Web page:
Protein - Essential and Nonessential Amino Acids
August 08, 2018
An essential amino acid is one our bodies need but cannot make on its own, therefore we must consume and absorb them through our food.
Non-essential amino acids are ones our bodies need, but make enough on their own. We don't need worry about consuming these in order to fulfill our bodies need for them.
Amino acids are the building blocks of protein. The protein in our food and body are composed of 20 amino acids - 11 of these we can create in our own bodies using nitrogen, the other 9 need to be consumed from food since we cannot make them.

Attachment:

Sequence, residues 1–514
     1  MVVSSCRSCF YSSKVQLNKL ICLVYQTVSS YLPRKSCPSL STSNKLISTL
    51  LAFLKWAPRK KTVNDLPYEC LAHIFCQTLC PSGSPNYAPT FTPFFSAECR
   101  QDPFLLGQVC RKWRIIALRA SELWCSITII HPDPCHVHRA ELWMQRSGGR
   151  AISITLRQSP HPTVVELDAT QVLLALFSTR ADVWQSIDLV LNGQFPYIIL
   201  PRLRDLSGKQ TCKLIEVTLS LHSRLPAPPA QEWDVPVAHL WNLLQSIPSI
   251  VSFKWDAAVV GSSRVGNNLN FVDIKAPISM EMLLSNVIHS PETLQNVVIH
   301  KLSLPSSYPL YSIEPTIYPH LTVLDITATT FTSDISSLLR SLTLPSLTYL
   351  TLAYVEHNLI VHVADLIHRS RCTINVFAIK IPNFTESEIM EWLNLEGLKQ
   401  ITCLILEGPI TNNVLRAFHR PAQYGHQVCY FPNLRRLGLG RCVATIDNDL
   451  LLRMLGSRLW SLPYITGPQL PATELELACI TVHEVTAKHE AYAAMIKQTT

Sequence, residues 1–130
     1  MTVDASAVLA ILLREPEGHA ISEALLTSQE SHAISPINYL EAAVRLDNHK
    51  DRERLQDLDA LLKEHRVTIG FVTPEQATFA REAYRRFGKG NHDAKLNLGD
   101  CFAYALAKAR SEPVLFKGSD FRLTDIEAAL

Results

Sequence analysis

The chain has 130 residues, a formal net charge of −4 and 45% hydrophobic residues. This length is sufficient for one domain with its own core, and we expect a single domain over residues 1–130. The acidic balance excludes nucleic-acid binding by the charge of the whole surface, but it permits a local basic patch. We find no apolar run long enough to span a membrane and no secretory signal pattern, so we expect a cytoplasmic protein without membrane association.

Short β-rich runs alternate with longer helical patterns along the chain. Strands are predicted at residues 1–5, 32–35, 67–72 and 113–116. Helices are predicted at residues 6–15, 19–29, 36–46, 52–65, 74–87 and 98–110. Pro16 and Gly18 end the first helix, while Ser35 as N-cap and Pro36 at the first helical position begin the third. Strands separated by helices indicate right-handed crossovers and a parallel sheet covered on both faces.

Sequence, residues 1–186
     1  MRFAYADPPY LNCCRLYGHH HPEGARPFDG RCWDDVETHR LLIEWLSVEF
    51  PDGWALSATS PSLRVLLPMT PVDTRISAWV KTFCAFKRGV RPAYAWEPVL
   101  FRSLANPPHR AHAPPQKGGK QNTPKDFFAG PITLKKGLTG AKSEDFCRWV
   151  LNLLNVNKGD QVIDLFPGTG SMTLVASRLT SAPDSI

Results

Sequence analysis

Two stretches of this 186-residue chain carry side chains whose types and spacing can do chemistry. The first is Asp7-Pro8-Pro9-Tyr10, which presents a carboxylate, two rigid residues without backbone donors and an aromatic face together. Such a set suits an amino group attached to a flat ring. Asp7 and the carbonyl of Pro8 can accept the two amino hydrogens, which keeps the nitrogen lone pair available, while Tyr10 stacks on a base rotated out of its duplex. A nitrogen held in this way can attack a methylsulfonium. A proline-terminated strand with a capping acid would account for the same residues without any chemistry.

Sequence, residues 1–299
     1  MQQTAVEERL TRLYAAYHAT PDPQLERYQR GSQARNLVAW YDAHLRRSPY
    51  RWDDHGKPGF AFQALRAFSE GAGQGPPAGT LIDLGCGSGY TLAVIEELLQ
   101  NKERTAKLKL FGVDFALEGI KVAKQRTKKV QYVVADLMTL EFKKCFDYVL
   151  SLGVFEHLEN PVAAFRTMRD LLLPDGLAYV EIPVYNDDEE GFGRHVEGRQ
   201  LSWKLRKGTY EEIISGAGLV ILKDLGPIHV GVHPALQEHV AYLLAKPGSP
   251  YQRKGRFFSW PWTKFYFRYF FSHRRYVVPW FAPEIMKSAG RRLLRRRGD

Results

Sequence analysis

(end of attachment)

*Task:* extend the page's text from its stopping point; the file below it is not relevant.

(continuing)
The 9 essential amino acids are histidine, isoleucine, leucine, lysine, methionine, phenylalanine, threonine, tryptophan, and valine.
The 11 non-essential amino acids are alanine, arginine, asparagine, aspartic acid, cysteine, glutemic acid, glutamine, glycine, proline, serine, and tyrosine.
Our skeletal muscles keep a sizable storehouse in the intracellular spaces of free amino acids to regulate our protein levels. Every day, about 90g of protein is dumped into our intestines to be broken down and reassembled to whatever proportion of amino acids we need. We do not need to be concerned with the amount of protein we are consuming, or if we are getting all of the essential amino acids. Our bodies were designed to prevent this type of deficiency by storing and recombining the amino acids to be used as our body requires.
So don't worry about if you're getting enough protein, just eat enough calories with a variety of plant foods including whole grains, fruits, veggies, beans and legumes, nuts and seeds, leafy greens, etc. and you will have what your body needs.